In late September, Australia's financial crime regulator AUSTRAC slapped a record AU$1.3 billion (US$912.6 million) fine on Westpac, one of the country's largest lenders, for multiple money-laundering and counter-terrorism financing violations. Among the most noteworthy of them: IFTI reporting failures to reasonably monitor customers for transactions linked to possible child exploitation and two failures to assess correspondent banking relationships' money laundering and terrorism financing risks. If the Federal Court of Australia approves the fine, it will become largest civil penalty in Australia's history.
"Our role is to harden the financial system against serious crime and terrorism financing, and this penalty reflects the serious and systemic nature of Westpac’s non-compliance,” Nicole Rose, chief executive officer of AUSTRAC, said in a statement.
Given the stiff fine and reputational fallout, Westpac appears serious about addressing its compliance deficiencies. The bank established a legal, regulatory and compliance committee, spent AU$632 million (just about 1/2 of that civil penalty) on financial crime compliance and doubled the size of financial-crime fighting staff over the past three years. It expects to have a dedicated team of 950 by year-end.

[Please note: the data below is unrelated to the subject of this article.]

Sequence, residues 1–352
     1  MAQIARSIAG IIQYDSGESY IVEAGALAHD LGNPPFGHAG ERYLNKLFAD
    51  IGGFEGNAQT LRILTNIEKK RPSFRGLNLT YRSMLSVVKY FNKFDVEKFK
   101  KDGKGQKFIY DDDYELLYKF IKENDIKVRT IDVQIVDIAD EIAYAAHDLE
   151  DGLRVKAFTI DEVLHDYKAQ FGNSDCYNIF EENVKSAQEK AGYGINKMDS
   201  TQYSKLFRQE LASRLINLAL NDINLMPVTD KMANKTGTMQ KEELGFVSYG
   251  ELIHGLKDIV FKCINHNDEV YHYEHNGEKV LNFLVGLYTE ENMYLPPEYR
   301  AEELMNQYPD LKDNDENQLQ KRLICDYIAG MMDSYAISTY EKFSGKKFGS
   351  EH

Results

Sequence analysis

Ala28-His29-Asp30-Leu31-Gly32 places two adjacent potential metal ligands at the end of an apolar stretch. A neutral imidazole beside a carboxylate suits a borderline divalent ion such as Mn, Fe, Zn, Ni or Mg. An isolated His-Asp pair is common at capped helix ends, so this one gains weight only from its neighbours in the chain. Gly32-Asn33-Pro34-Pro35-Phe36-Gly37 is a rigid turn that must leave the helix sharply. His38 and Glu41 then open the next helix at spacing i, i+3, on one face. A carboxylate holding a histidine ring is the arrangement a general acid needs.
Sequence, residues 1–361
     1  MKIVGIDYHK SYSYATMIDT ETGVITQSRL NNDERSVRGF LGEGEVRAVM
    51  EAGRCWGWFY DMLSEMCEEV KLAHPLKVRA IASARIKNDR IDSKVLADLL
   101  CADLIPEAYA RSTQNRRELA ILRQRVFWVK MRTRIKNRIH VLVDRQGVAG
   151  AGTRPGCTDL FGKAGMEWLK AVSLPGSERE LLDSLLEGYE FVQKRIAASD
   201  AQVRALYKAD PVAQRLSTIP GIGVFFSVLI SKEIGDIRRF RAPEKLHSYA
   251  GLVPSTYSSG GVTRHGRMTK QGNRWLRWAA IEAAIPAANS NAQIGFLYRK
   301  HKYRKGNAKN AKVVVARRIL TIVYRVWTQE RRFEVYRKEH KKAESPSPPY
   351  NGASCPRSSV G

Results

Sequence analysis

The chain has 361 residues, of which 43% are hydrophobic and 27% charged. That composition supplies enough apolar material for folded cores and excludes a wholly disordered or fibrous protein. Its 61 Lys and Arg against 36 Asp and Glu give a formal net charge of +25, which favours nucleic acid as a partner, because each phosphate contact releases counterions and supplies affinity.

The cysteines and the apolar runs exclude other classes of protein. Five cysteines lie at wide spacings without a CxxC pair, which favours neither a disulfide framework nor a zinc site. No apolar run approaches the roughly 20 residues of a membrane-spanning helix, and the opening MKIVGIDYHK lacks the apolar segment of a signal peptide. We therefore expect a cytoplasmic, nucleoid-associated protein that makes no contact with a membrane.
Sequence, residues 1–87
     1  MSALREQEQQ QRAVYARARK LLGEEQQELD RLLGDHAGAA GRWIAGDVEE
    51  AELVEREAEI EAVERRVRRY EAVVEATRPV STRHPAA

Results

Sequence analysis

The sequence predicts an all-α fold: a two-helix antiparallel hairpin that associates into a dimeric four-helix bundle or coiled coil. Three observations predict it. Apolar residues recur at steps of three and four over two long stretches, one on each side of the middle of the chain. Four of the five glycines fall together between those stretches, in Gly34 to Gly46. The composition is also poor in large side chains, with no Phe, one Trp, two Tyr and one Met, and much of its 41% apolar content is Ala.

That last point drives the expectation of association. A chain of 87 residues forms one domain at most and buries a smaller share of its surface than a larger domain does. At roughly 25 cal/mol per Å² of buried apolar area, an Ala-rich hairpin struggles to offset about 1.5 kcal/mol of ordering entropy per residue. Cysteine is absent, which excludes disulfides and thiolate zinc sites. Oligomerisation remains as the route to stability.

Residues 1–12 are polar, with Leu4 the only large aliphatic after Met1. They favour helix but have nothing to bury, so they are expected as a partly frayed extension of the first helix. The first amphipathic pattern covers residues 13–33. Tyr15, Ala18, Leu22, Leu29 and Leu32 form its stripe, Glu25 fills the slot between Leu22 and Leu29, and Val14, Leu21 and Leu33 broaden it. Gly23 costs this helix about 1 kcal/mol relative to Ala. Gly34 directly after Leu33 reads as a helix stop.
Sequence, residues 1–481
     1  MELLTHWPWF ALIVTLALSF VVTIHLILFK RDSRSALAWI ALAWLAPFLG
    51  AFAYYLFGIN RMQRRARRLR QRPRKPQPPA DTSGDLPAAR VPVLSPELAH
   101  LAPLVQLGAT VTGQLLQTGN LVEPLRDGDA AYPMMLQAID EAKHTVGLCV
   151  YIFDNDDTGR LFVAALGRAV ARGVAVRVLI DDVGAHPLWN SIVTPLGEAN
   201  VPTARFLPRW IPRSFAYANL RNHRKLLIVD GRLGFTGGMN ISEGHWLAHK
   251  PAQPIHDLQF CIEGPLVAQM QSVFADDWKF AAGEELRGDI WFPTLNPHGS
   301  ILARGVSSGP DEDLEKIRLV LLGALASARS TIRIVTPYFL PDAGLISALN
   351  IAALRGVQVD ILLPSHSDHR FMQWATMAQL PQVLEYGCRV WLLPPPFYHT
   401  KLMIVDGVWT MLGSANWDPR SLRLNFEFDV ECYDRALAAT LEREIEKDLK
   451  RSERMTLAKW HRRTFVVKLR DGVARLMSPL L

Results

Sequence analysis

Westpac is not the only big Australian lender with money-laundering woes. According to the FinCEN documents leaked in September, up to $US174 million of dirty money flowed through Australian banks. Macquarie Group accounted for about 72% of the suspicious transactions by value and Commonwealth Bank of Australia 44%. Commonwealth Bank was flagged for millions of dollars of transactions in Central Asia.
Yet there is a limit to how well banks can stymie money laundering on their own. After all, they are financial institutions, not regulators or law enforcement agencies. Fines are an effective way for regulators to signal that they take money-laundering breaches seriously, but fines alone won't solve the problem. Rather, AUSTRAC's own capabilities should be enhanced, and the regulator should work more closely with banks to monitor suspicious transactions and take appropriate action.
According to AUSTRAC data cited by The New Daily, Australian banks submitted roughly 250,000 suspicious matter reports (SMRs) to AUSTRAC in the 2018-19 financial year, up a whopping 96% year-on-year. Once banks have submitted a report, it is up to regulators and law enforcement "to investigate that and see if any steps should be taken," financial crime expert Louis de Koker of La Trobe University told The New Daily.